vineri, 18 decembrie 2009

Edging the loneliness inside nature


Bill and Jennifer Hill, and the staff at New Masters Gallery offer our sincere condolences and sympathy to the family and friends of Mr. Szmyd. His loss will be greatly felt throughout the national and international art community.
" May he rest amongst the beauty he has created"

"Art collectors and [experts]... from around the world are offering nothing but the highest praise for Edward Szmyd, the painter identified as of of the greatest artists of his era... Edward Szmyd died Thursday, December 30 here [ Blowing Rock, NC] in his beloved mountains, amid the landscapes, so frequently masterfully captured in his paintings. His work was his love and he was able to depict reality so truthfully that seems unreal-and that was his unique statement abut nature and bearty,confirmed by his own words. ' Some people call my paintings realistic' he said. 'I call them idealistic. They're more real than real.'

"Inspired by the Great Masters of the Renaissance, Edward Szmyd began painting at the age of nine, some sixty years ago in his native Pennsylvania. It was actually during World War II when the United States was pulling itself out of the Great Depression, Ed Szmyd began his art career winning a poster contest in fifth grade. His subject then, drawn during a rather dark time, has been one of his main subjects ever since; beautiful, elegant gardens.

"As he entered high school, noted artists and critics were identifying him as an artistic genius and even his teachers began to compete for the privilege of purchasing his watercolors, drawings and oil paintings.....

"During an interview with the [Blowing Rocket, Blowing Rock's newspaper] in 1997 he said "I was always interested in making something look better that it was. I saw the wilted flower in the garden as tit should be, vibrant and alive with beauty. That is what I painted."

"For the next sixty years Szmyd succeeded in that mission, again and again, in finding beauty in the world around him, then capturing it on canvas in a way that is better, brighter and more beautiful than most can imagine.

"If my mother gave me a nickel to by a candy bar, I'd buy a pack of seeds instead," Szmyd said in the article. At one point he was growing 4,000 flowers of many varieties in three greenhouses until he found he had to quit to keep up his work as an artist. It was this love of flowers that carries over into his floral still lifes. He felt that in order to get the ideal arrangement of orchids or peonies, for example, more often that not he must grow them himself, then wait until the perfect moment when the buds open to begin translating the image to a painting. He spent hours finding the right light and arrangement so that his paintings captured the flowers at their very best, enhanced and frozen in time forever.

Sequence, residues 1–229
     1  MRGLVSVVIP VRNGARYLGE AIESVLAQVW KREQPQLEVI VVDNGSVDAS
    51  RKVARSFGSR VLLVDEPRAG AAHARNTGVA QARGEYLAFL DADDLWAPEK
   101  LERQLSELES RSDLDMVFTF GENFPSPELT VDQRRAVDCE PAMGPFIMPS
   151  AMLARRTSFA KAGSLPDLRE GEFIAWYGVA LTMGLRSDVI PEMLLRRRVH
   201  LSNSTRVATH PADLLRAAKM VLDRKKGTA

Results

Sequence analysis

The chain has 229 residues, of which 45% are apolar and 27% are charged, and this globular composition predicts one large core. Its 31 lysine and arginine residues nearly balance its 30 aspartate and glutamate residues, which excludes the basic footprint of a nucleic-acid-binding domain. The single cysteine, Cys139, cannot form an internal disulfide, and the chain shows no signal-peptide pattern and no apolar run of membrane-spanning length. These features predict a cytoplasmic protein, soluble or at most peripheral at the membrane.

"Szmmd moved to Blowing Rock some twenty years ago, the result of a tug at his heart strings and love of beauty that wouldn't go away. Formerly lining and working Florida he kept remembering the quaint little gazebo in Blowing Rock's Memorial Park, a sight he saw during a brief visit here in 1983. Two years later he moved to the village an to his cliffside home on Green Hill......

"At his death, Ed Szmyd was considered internationally a master of both light and color. His style reflected his constant amazement at the beauty of the earth and his sun-drenched landscapes, gardens, and radiant flower pieces became his easily recognized trademark.

"To say his work became a highly sought after product by collectors around the world works be a great understatement of his popularity and influence internationally. His originals, which sold for $2,500 during his early years, are now in such high demand that most collectors are priced out of the market because a lot of art lovers couldn't readily afford the $100,000 price tag for his larger works. By 1992, Szmyd had to expand his repertoire to include smaller, less costly pieces,.....

"Since moving to Blowing Rock Szmyd has been a generous supporter of many community projects, from the arts to civic events and services that benefit the village and its residents.

"The unique thing about Edwas-he was not the lease bit obnoxious, not the lease bit tainted. He's one of the purest people-I'm speaking of the soul right now-that I know," said a friend. "He was a beautiful person, and like his paintings he just kept getting better and better."

Note: The above article was printed in "The Blowing Rocket" newspaper that was published on January 6, 2005.

Winter Tales

Straniu dar da: de dincoace de fereastra iarna are ceva de poveste,ceva indefinibil
- cumva "soul arrousal" - daltuind pervers in noi un ritm cald si greu al contopirii cu inlauntrul dinafar' ce striveste bland inafara dinlauntru.

Apoi...ametitor, uitand de zoaiele si zloata de dincolo de fereastra, odata cu inflorirea salcamilor ma infasoara un dor naruitor de zapada, viscol si ger.